Genre | YA Graphic Novel
Page #s | 368
Publishing Date | September 2020
Award-winning author and artist Mike Curato draws on his own experiences in Flamer, his debut graphic novel, telling a difficult story with humor, compassion, and love.
I know I’m not gay. Gay boys like other boys. I hate boys. They’re mean, and scary, and they’re always destroying something or saying something dumb or both.
I hate that word. Gay. It makes me feel . . . unsafe.
It’s the summer between middle school and high school, and Aiden Navarro is away at camp. Everyone’s going through changes—but for Aiden, the stakes feel higher. As he navigates friendships, deals with bullies, and spends time with Elias (a boy he can’t stop thinking about), he finds himself on a path of self-discovery and acceptance.
Using spare colors with an inviting cartoon aesthetic, Curato has created a beautiful graphic novel about a young boy on the cusp of adolescence who struggles to accept his attraction to boys during a Boy Scouts summer camp. Occasionally haunting but ultimately uplifting, I adored this book and want everyone to read it.
This is Aiden’s last summer before high school, and he wants his camp experience to be a fun, safe space for him to be fully himself. Unfortunately, he is at camp with a bunch of boys, and they throw insults and gay slurs at each other with abandon. Curato captures these microaggressions with nuance, showing how they hit differently for someone who worries he actually IS gay while also showing how good it can feel to turn the tables and call a bully a f*****.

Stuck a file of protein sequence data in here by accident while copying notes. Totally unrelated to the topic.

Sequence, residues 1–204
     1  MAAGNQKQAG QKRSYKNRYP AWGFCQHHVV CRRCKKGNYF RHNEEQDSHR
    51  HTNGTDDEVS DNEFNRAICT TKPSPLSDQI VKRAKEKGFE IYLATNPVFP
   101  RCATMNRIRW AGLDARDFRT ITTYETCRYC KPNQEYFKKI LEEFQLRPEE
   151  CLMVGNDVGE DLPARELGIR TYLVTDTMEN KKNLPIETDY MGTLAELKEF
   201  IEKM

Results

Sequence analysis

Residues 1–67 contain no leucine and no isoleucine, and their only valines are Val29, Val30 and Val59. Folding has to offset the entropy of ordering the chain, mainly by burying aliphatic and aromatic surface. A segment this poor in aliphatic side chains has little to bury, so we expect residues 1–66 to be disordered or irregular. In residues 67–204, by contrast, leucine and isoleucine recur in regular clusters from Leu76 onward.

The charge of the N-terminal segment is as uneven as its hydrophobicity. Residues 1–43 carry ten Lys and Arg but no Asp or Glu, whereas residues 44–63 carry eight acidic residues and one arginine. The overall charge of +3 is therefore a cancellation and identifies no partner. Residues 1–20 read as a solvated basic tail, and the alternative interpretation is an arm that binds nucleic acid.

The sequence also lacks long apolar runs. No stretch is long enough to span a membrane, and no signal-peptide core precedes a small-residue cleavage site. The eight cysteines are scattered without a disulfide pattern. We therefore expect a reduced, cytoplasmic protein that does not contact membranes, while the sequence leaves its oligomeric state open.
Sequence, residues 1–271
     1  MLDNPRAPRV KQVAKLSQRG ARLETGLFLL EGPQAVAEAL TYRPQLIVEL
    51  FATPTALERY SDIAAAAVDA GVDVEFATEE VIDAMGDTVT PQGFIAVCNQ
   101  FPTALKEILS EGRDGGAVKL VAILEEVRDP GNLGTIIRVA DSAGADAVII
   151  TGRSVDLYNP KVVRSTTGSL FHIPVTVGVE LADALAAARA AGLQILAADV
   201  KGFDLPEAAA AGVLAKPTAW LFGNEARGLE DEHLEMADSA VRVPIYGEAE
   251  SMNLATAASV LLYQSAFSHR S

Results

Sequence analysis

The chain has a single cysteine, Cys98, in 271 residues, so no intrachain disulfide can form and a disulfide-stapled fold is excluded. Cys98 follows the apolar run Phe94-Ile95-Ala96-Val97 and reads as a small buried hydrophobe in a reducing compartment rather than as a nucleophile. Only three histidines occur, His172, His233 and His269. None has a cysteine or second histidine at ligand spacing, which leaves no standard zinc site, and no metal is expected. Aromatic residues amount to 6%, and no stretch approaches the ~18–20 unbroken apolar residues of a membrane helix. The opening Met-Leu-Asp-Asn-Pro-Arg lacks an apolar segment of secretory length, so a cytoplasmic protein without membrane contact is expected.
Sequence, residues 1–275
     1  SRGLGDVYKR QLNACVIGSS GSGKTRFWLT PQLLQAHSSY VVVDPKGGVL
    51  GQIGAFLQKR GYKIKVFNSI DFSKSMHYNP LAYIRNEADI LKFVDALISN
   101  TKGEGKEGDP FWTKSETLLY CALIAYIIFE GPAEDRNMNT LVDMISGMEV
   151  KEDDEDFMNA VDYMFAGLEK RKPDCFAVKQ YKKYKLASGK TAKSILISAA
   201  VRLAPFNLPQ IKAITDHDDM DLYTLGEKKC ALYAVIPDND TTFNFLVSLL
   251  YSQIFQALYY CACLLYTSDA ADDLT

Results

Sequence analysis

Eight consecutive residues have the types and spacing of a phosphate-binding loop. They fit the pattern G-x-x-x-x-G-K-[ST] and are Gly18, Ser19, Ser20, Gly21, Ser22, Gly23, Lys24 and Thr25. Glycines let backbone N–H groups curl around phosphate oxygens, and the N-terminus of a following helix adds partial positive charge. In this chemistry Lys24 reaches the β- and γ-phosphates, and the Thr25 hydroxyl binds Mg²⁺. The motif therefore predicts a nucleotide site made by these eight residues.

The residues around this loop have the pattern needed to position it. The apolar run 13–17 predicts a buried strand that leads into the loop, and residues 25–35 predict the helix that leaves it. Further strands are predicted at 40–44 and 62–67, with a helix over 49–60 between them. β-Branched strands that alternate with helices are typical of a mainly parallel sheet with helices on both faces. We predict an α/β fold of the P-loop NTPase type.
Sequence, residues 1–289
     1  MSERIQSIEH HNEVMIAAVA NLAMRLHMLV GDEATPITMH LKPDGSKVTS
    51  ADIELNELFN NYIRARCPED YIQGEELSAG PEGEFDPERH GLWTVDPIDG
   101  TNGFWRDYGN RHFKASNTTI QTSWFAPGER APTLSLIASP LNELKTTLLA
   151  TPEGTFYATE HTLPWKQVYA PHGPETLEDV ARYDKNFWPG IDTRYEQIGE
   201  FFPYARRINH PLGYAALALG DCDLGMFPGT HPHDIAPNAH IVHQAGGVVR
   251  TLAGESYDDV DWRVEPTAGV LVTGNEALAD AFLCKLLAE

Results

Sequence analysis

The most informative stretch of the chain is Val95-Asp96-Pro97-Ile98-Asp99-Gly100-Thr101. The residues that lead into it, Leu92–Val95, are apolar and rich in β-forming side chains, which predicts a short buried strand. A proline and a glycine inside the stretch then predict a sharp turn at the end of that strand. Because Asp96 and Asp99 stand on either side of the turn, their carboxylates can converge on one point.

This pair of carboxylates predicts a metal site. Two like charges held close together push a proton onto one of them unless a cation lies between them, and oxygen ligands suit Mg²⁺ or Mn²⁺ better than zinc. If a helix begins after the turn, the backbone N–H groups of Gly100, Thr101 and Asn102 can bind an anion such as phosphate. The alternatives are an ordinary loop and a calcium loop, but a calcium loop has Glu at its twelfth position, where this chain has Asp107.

Although this is a quick read, the length of the novel allows us to get a full sense of Aiden’s life. The main action takes place during summer camp, but we get flashbacks to his family, his school, and his church that better inform what he is experiencing in the present day as he participates in orienteering, archery, and basket weaving.
Aiden is such a cute boy who can’t, and doesn’t want to, hide his feminine side despite being very in the closet when it comes to accepting his attraction to bunkmate Elias. Every night he dreams of the two of them together. These were my favorite sections of the book, as he imagines the pair of them as Frodo and Sam or Wolverine and Jean Grey, in an adorable fantasy that increasingly turns dark as he tries to push the feelings aside.
The story culminates in a dark moment that might be triggering for some readers, though the scene is handled with care. The fires that Aiden worries will engulf himself ultimately manifest as his own life energy, a fire full of strength and vitality that cannot be put out. It’s a lovely book, drawn with skill and passion, that should be on the shelf of every school library.
Who Would I Recommend This Book To?
It’s great for readers of all ages, but this is a book to prioritize giving to young queer kids who will see themselves in Aiden.
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Find more books nominated for Lambda Literary Awards reviewed here.